Nope, in fact I think I can safely say that there is nothing in this world better or more satisfying than watching your side prevail in a Grand Final rematch.
September glory be damned; give me round two at home any day of the week. Or on the Thursday before Easter, specifically.
Said Thursday is known to Christians as ‘Maundy Thursday’, but it should probably be more appropriately known as ‘Doedee Thursday’, given the Dood’s 25 possessions (14 contested) at 96 per cent efficiency won him a Rising Star nomination (while, apropos of nothing, Jake Lever’s 13 touches – four contested – at 62 per cent efficiency won him more social media trolling by despondent Demons fans).
Which is not to downplay what was a significant win: with a third of the starting lineup unavailable and two men down and counting mid-game, the team dug deep.
Josh Jenkins seized his moment, thoroughly making amends for his egregious performance in last year’s decider by dominating his more fancied opponent to kick five crucial goals. In a much, much less important game.
Tex, too, banished his listless Grand Final form with an imperious performance that showed glimpses of his swagger of old.
So much so that one must ponder what’s changed so dramatically between the September surrender and last week’s fortitude (besides the two games noticeably having been played at quite different venues).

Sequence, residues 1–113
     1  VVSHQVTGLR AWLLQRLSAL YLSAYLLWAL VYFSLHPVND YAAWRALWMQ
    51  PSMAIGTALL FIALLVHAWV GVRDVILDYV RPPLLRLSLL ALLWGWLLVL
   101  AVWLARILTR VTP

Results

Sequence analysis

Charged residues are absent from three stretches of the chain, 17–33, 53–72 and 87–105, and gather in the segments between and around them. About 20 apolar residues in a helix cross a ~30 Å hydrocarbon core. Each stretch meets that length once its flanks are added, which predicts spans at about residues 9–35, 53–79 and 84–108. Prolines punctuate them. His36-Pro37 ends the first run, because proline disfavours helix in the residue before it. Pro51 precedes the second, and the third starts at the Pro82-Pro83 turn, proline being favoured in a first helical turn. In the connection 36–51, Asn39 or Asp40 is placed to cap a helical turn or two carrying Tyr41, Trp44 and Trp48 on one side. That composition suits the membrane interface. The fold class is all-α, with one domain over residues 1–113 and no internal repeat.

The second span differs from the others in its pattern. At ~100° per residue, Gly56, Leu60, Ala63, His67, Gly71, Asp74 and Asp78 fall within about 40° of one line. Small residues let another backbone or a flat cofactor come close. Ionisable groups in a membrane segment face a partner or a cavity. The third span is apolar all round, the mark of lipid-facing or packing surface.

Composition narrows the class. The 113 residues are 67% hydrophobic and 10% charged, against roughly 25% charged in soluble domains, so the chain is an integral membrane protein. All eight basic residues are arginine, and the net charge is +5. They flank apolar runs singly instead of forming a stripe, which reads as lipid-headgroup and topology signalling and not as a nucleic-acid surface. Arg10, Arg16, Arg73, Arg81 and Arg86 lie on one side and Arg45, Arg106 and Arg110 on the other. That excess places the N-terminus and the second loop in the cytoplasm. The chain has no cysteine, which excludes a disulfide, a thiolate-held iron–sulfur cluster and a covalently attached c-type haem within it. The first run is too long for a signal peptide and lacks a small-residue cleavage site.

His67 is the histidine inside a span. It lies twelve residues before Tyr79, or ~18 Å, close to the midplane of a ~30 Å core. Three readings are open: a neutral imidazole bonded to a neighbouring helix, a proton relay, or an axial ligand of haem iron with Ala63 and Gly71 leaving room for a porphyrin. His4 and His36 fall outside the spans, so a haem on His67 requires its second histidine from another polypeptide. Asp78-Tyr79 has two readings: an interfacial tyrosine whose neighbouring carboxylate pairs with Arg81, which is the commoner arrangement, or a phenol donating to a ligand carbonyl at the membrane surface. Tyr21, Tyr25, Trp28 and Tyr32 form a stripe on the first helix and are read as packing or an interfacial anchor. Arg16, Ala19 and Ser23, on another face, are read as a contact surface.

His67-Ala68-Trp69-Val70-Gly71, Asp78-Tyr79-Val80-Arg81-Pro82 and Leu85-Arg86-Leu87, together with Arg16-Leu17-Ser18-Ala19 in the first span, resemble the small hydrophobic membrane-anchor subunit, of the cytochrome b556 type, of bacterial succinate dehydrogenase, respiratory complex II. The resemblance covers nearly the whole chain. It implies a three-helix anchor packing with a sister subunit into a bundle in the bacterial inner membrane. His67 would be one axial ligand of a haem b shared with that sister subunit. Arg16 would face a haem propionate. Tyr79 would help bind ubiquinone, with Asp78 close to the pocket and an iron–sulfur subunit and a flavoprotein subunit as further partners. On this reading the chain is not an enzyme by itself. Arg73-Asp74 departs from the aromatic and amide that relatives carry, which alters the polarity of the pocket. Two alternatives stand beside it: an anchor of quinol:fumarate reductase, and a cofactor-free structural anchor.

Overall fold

And the answer is obvious: Mind Training.
News started to filter out during the week preceding the Richmond clash of strange goings-on at the Crows’ pre-season camp.
Apparently the club made a bunch of people travel interstate and then did things that made them feel confused and distressed, before making them listen to the Richmond club song over and over again.
But enough about Grand Final day – back to this pre-season camp…
There were persistent media suggestions that a few players were left traumatised by the methods employed by the ‘mindfulness’ therapists – a mob named ‘Collective Mind’, who I’m pretty sure also did that song in the ‘90s that went “Whoa oh, heaven let your light shine down”.
According to one report, players were made to fill out “emotionally upsetting questionnaires”, although it’s quite possible this just referred to that form in the hotel room which asks you whether you want the full or continental breakfast, which we can all agree is quite the conundrum.
The club made a bunch of people travel interstate and then did things that made them feel confused and distressed… but enough about Grand Final Day
Of course, these players should really look on the bright side. At least they only lost to Richmond. Imagine if they lost to a team like Fremantle and had to spend hours on end with “Free-oh way to go, hit ‘em real hard, send ‘em down below” on auto-repeat.
Mind you, I did feel the players being forced to watch hours of footage of Jack Riewoldt singing Mr Brightside was probably excessive.
Anyway, the whole affair was so controversial it immediately rocketed into the top three of Adelaide’s Stupidest Pre-Season Camps, although obviously it’s still miles off the one where we actively maimed key players.
Nonetheless, Thursday’s win, as they are wont to do, did come at a cost, with the medical rooms kept busy. Reigning club best and fairest Matt Crouch is out for a stretch, while D.Mac copped a knock to the head and left the field, no doubt singing the Richmond club song. There was also a bizarre altercation when Tigers mentor Damian Hardwick paid a subtle tribute to former Crows coach Gary Ayres by remonstrating with an opposition supporter on his way down the race.